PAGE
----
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Royal Stamps and Coins in Canada

Since the Reign of Victoria, who was Queen at the time of Confederation in 1867, Canadian monarchs have appeared on many postage stamps and banknotes, and on all our coins. Look at the back of the change you have in your pocket to see this is true, as well as your wallet or purse if you’re lucky enough to have a $20 bill! Visit a Canada Post outlet, and while of course there are many different stamp designs, each post office is required to offer for sale the “definitive” stamp (a stamp that must always be available to pay for an ordinary letter) of The Queen.

Of course using the Sovereign’s image on a stamp (the picture is sometimes called an ‘effigy’) is partly to honour the monarch and to celebrate special events in the life of Canada and our Royal Family, such as the 100th birthday of The Queen Mother in 2000, The Queen’s Jubilee in 2012 or the birth of Prince George in 2013. You will find some examples of Canadian Royal stamps here. Additionally you can do a Google search and see many other Royal stamps issued by Canada, by Commonwealth countries and by other countries which are monarchies, such as our friends in Europe: Belgium, Denmark, Liechtenstein, Luxembourg, the Netherlands, Norway, Spain and Sweden.

In the case of coins’ bearing the monarch’s image, there is a special purpose that goes back many centuries when countries first began to create special dies so that coinsmiths could make a standard pattern of coins which everyone could recognize and rely on, and which the country could guarantee was “the real thing” and not a counterfeit or fake. To demonstrate the coins were truly those of the country, coins bore the King or Queen’s image. Anyone counterfeiting coins was considered to have committed a crime directly against the monarch – and could suffer some pretty horrible punishments!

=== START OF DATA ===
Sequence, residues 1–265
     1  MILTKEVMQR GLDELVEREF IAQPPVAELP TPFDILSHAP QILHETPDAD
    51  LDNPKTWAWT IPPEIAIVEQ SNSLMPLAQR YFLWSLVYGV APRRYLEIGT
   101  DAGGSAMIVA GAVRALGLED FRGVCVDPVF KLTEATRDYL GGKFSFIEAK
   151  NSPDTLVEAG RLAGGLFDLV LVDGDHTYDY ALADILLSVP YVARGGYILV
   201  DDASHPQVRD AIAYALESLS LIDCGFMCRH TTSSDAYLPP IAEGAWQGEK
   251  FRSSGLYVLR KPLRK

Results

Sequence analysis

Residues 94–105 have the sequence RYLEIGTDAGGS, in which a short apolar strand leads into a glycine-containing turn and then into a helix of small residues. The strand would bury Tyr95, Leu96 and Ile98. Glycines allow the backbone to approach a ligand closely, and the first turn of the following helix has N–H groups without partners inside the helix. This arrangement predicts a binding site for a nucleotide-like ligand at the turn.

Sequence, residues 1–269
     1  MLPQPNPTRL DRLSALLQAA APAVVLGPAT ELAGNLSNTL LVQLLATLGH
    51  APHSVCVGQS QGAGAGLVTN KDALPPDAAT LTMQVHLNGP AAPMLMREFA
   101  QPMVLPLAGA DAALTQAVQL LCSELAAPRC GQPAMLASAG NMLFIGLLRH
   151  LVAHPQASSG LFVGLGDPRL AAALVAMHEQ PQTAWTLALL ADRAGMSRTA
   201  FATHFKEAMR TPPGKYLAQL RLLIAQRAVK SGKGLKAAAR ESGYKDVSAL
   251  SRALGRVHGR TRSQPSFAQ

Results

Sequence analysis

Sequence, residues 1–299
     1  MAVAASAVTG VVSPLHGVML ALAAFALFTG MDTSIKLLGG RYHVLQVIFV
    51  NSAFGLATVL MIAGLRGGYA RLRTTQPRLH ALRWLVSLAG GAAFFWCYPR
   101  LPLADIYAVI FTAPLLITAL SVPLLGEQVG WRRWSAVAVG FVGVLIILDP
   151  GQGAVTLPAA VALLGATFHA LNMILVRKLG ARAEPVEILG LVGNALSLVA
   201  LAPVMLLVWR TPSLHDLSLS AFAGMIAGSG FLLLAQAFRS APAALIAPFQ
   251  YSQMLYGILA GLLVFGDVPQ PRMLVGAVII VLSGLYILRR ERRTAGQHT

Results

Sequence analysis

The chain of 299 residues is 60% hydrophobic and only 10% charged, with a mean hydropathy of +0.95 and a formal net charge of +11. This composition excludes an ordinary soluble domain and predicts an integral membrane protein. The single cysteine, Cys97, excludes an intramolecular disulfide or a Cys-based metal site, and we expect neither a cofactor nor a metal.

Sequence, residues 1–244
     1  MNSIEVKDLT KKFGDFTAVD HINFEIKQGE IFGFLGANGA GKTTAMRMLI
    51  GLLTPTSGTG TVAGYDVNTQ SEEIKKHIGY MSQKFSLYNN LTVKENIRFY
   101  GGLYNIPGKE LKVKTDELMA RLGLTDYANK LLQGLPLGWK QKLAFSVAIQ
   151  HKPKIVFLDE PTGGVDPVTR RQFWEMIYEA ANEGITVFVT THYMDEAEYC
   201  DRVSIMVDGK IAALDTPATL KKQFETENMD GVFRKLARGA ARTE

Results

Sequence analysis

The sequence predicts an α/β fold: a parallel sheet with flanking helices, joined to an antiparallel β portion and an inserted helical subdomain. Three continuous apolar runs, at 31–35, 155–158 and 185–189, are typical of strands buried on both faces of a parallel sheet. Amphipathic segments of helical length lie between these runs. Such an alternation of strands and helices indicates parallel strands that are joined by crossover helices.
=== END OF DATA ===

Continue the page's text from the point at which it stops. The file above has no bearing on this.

Here you can see coins with images of Canada’s monarchs as issued by The Royal Canadian Mint . Notice that during a long reign, when the monarch’s appearance changes over the years, the Mint occasionally commissions a new image of the same monarch. This is similar to what might happen at home: your family may have a picture of you as a baby next to another picture of you taken perhaps at your high school graduation.

Other coin designs appear here.

Stamp collecting (called “philately) and coin collecting (called “numismatics”) used to be very popular hobbies – probably not so much now. But one of the greatest stamp collections in the world is that of The Queen, passed down from her grandfather George V. You can read about it here as well as find a lot of other interesting information and stamp designs.